Born: May 30, 1922
Hana was born to a Jewish family in Prague, the capital of Czechoslovakia. Her father, a metalsmith, made pipes, spouts and gutters for construction companies. Because her mother was frail, Hana was raised by her father and grandmother. She attended a Jewish school through grade five, and later went to business school.
1933-39: In 1933 Hana read about the harrowing treatment of Jews during the Spanish Inquisition and told her grandmother, "We're fortunate that we live in the 20th century in Czechoslovakia and such a thing can't happen to us." Six years later on March 15, 1939, the Germans occupied Prague. It was a cold, snowy day. About a mile from Hana's home the Germans entered the city on tanks and trucks, with their guns pointed toward the rooftops.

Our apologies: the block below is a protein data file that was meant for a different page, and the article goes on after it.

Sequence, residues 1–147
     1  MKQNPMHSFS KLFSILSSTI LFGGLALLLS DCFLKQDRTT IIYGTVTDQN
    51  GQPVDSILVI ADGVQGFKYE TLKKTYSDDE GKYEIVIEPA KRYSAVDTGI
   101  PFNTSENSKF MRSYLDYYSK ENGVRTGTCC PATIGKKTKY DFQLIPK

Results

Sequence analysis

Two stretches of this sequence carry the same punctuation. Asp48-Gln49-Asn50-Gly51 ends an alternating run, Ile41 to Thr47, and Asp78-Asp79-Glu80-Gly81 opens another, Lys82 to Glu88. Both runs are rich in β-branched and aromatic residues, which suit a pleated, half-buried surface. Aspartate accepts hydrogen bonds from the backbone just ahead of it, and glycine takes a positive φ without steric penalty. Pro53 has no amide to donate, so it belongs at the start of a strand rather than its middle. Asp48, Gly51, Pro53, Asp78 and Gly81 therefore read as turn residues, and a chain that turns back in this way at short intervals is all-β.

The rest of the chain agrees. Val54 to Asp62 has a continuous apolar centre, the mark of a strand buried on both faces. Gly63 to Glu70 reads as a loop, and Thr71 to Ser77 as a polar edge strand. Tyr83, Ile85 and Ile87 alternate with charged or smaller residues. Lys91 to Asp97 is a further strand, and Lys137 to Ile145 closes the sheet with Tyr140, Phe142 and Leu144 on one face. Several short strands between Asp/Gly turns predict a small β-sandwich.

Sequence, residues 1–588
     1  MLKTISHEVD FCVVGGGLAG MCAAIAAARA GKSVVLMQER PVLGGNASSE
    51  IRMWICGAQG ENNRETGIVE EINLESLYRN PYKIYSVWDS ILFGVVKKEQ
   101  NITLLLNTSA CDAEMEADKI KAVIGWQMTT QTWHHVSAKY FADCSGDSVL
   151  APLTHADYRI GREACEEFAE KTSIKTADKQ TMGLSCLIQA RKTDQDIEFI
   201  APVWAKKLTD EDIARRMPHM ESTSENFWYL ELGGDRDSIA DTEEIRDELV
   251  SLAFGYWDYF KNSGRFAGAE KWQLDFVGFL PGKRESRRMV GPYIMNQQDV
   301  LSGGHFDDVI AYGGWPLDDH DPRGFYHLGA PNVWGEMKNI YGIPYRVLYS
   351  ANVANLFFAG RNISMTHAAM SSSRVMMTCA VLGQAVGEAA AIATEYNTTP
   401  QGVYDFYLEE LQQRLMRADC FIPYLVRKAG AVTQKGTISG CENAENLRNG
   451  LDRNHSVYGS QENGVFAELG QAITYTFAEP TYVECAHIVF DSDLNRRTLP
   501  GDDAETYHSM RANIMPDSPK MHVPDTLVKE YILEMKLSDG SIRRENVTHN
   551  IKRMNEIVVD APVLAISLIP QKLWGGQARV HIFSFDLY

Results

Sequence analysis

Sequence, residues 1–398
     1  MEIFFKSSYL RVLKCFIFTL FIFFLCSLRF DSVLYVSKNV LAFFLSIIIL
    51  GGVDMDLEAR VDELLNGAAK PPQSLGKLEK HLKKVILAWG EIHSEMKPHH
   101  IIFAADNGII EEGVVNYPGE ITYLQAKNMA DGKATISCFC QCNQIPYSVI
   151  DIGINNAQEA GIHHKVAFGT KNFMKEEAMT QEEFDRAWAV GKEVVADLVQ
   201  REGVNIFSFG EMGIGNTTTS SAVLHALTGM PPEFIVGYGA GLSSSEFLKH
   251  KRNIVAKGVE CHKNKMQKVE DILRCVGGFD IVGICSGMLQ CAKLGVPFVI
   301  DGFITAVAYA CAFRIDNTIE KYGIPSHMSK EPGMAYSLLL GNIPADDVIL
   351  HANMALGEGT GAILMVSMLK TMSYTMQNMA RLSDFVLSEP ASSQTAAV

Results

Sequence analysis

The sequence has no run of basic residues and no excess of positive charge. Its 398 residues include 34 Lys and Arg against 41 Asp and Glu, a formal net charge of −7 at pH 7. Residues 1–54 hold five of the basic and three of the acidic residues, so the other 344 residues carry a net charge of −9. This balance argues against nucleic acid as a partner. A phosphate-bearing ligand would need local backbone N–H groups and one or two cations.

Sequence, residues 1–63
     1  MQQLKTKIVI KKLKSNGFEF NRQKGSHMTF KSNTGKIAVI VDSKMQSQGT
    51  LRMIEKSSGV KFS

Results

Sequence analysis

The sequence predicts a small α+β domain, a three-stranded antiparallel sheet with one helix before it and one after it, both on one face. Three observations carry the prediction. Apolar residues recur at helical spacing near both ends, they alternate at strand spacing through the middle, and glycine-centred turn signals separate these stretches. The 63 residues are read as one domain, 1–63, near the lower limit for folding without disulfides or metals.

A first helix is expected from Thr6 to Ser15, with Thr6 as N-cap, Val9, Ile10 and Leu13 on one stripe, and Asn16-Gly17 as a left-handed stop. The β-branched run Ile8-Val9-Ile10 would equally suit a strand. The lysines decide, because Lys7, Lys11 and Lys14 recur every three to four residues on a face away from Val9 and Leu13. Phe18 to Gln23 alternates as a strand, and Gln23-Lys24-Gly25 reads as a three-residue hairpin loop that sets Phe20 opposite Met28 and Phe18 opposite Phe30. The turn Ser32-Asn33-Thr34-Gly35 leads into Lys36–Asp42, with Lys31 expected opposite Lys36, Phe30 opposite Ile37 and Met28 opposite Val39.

1940-44: Hana was in her apartment reading "The Grapes of Wrath" when the Germans came to get her. She was deported to the Theresienstadt ghetto. The Nazis used Theresienstadt as a "show camp" to convince people that Jews were really being treated well. When the Red Cross came in July 1944, the Nazis put up dummy stores, a cafe, kindergarten and flower gardens to give the impression that Jews there were leading "normal" lives. Hana and other Jews in the ghetto painted the house fronts on the inspection routes and the Nazis gave them extra food--one extra dumpling each.
Hana was deported to Auschwitz in 1944. After some months as a slave laborer in Germany and Czechoslovakia, she was freed when SS guards deserted her work gang on May 5, 1945.